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Income Requirements?

If you’re concerned about the cost of health insurance once the state exchanges are up and running, don’t fear if you are middle or low income. Built into the Affordable Care Act are two different kinds of subsidies to assist with health insurance costs.

The first is known as a premium assistance tax credit. This is a monthly amount to reduce the payments towards health insurance for an individual or family. This was developed based on what’s known as a sliding scale, so that those people with the lowest income and in need of the most help are able to receive it. The second is known as cost-sharing assistance, which caps the out of pocket costs for a person (and also helps to cut down on other cost-sharing factors such as co-pays or deductibles). Every person who obtains their health insurance through an exchange will have caps on their individual spending. Any person or family with an income under 400 % of the federal poverty level will also get lower caps, depending on their exact income level.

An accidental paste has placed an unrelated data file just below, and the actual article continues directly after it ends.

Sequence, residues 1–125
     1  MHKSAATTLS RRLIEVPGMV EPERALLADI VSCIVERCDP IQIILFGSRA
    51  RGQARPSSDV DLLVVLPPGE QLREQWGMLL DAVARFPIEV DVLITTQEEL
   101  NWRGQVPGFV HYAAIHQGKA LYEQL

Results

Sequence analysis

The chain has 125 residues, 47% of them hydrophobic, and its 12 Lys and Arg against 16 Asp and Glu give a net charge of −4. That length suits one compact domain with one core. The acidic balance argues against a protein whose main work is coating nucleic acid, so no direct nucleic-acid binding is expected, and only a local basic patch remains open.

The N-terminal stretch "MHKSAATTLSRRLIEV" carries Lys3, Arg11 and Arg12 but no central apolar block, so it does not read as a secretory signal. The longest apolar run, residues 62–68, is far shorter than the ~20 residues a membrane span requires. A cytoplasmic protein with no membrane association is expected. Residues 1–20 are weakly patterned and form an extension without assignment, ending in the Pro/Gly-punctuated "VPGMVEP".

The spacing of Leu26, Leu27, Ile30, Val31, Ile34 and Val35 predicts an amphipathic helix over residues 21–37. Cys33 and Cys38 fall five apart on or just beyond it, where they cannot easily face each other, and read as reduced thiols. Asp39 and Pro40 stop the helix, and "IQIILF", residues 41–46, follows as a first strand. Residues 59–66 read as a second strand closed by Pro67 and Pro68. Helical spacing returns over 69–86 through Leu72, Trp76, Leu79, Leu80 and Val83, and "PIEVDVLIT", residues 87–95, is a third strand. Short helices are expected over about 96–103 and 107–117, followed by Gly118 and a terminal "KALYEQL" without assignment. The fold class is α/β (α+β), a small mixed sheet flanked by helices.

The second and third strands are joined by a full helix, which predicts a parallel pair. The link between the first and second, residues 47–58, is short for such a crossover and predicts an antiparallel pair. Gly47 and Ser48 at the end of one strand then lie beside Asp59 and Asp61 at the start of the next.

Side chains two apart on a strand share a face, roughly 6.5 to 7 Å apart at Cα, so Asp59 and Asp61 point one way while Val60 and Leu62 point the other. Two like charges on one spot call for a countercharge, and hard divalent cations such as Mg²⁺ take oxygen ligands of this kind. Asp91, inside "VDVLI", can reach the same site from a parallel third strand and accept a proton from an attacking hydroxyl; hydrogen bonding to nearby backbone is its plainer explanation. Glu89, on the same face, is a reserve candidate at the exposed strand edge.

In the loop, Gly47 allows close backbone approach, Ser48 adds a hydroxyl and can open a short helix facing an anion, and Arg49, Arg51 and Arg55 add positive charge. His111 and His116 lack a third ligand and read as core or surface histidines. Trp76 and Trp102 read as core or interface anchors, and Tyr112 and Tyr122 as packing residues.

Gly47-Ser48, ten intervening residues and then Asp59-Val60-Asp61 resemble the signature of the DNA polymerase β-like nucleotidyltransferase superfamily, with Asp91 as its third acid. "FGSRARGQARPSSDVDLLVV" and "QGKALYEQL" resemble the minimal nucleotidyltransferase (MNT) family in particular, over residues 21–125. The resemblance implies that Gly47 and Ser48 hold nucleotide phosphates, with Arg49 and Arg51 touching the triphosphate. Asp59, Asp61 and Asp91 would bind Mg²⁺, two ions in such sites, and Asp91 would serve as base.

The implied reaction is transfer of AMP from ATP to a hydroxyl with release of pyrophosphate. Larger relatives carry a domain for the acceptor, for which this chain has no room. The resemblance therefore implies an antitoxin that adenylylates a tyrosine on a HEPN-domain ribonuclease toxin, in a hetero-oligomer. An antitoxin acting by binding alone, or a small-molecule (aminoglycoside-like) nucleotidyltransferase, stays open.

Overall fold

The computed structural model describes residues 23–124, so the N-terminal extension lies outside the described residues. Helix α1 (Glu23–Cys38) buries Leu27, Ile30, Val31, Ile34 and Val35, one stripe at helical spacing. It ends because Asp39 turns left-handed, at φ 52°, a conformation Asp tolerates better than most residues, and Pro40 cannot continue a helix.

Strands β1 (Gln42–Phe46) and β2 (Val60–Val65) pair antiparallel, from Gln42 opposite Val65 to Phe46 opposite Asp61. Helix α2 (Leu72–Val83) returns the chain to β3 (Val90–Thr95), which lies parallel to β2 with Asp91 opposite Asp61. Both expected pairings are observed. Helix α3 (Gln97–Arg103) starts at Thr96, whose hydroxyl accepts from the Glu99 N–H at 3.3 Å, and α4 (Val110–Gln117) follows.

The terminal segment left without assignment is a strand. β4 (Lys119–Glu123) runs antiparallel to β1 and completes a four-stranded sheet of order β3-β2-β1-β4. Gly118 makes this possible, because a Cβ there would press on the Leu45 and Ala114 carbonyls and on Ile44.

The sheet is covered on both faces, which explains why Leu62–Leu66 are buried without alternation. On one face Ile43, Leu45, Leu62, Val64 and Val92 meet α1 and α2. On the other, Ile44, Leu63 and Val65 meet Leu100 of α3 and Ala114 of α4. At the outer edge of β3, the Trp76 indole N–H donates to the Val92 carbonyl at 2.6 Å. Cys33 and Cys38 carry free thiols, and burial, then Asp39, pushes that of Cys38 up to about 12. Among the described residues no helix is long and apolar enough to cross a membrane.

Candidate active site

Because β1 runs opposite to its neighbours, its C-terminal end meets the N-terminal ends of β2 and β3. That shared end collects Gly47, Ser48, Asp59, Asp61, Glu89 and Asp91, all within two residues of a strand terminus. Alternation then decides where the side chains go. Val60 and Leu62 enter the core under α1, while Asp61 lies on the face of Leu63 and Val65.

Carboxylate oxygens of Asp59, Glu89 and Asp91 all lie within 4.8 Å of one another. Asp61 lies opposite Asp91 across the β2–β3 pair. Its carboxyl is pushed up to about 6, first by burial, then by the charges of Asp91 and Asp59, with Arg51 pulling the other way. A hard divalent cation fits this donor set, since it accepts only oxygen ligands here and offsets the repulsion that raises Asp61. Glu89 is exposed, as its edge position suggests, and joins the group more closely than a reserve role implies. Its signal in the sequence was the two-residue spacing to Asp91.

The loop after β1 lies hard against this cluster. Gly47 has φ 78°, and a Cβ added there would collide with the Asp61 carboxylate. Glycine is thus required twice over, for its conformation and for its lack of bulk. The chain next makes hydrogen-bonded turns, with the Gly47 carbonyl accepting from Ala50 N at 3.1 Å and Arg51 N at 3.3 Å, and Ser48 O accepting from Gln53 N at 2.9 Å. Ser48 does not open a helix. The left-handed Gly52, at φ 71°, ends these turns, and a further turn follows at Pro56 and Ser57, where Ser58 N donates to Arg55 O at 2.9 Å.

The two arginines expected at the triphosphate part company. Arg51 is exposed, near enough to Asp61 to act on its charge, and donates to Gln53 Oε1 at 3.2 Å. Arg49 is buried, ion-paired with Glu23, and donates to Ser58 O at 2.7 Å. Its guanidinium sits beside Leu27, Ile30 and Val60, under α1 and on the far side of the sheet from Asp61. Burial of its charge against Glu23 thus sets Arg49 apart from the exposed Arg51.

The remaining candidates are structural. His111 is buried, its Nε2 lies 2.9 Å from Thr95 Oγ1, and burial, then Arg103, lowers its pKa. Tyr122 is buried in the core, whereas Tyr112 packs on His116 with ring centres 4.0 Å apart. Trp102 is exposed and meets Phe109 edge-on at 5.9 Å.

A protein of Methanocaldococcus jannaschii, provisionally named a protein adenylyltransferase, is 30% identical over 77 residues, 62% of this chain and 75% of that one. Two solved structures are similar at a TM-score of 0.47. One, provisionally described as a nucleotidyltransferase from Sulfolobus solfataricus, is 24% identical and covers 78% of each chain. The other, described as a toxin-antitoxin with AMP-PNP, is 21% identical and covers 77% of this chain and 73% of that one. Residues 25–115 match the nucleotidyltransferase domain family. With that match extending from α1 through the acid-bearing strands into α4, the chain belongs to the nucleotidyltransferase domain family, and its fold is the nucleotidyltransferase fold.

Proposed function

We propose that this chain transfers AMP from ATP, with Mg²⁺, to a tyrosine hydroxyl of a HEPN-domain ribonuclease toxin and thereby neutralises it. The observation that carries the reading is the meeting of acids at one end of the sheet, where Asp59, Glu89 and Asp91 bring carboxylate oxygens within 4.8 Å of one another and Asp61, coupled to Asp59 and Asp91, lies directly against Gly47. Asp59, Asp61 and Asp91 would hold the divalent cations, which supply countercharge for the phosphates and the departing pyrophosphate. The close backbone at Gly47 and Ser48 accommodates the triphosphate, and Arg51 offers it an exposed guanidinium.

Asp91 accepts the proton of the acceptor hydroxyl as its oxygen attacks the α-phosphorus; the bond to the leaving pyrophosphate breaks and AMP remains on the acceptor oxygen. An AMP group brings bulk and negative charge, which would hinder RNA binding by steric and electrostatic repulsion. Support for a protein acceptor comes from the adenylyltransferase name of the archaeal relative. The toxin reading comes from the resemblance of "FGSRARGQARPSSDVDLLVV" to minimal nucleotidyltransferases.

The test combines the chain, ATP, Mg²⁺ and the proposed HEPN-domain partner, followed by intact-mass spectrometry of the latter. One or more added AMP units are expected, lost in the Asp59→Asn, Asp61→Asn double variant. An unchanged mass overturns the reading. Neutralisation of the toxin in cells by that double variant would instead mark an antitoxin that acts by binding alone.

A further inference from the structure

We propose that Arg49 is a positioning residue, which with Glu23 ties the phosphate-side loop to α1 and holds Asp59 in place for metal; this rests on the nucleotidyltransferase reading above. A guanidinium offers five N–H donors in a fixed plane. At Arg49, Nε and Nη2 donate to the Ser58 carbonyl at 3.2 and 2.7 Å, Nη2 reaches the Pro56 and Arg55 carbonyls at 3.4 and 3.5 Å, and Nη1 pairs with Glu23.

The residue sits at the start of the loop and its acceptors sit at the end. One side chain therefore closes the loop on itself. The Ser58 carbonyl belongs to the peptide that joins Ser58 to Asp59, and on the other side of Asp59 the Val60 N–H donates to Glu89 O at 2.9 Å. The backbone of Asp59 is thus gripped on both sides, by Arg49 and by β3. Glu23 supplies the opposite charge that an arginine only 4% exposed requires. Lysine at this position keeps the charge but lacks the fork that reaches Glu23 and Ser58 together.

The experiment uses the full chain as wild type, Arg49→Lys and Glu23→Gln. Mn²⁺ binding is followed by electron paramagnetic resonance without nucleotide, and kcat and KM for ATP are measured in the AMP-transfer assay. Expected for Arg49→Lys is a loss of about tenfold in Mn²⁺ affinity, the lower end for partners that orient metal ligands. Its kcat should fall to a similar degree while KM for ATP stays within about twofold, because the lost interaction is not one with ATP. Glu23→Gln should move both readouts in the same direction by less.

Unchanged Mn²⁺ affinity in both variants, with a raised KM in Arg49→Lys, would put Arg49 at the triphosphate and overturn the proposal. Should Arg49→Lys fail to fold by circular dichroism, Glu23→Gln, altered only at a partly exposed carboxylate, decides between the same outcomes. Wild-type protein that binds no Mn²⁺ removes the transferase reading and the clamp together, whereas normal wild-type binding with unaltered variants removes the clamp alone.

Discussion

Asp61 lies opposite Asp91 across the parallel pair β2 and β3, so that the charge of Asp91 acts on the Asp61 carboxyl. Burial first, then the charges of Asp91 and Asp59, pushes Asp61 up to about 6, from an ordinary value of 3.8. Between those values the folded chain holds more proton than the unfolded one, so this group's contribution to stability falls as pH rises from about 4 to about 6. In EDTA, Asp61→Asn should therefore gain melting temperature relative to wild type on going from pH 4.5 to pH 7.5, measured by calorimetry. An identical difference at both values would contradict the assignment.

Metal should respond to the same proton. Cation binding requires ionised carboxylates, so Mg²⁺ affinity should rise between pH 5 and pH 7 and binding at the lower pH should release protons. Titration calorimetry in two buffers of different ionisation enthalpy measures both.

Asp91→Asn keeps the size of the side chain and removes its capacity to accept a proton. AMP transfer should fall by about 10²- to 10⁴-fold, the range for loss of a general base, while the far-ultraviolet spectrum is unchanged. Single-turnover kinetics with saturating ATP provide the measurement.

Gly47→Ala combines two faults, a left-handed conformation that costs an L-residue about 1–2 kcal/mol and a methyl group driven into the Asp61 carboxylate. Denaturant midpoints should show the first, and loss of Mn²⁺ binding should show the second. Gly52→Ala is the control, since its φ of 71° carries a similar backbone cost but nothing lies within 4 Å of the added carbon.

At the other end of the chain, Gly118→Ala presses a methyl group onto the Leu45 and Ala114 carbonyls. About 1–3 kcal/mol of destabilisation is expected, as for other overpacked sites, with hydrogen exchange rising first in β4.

The limits and incomes are based on the relationship from the consumer or family’s earnings when compared to the federal poverty level. For example, any family whose income falls under 400% of the federal poverty level (such as $89,000 for a family of four), will receive subsidies and cost-sharing in order to help afford the cost of insurance. If health insurance coverage is available through an employer but deemed to be too costly (more than 9.5% of household income) subsidized coverage through an exchange is also available.

To learn more about the impact of the Affordable Care Act on your family, contact a licensed health insurance agent today for more information and to have your questions answered.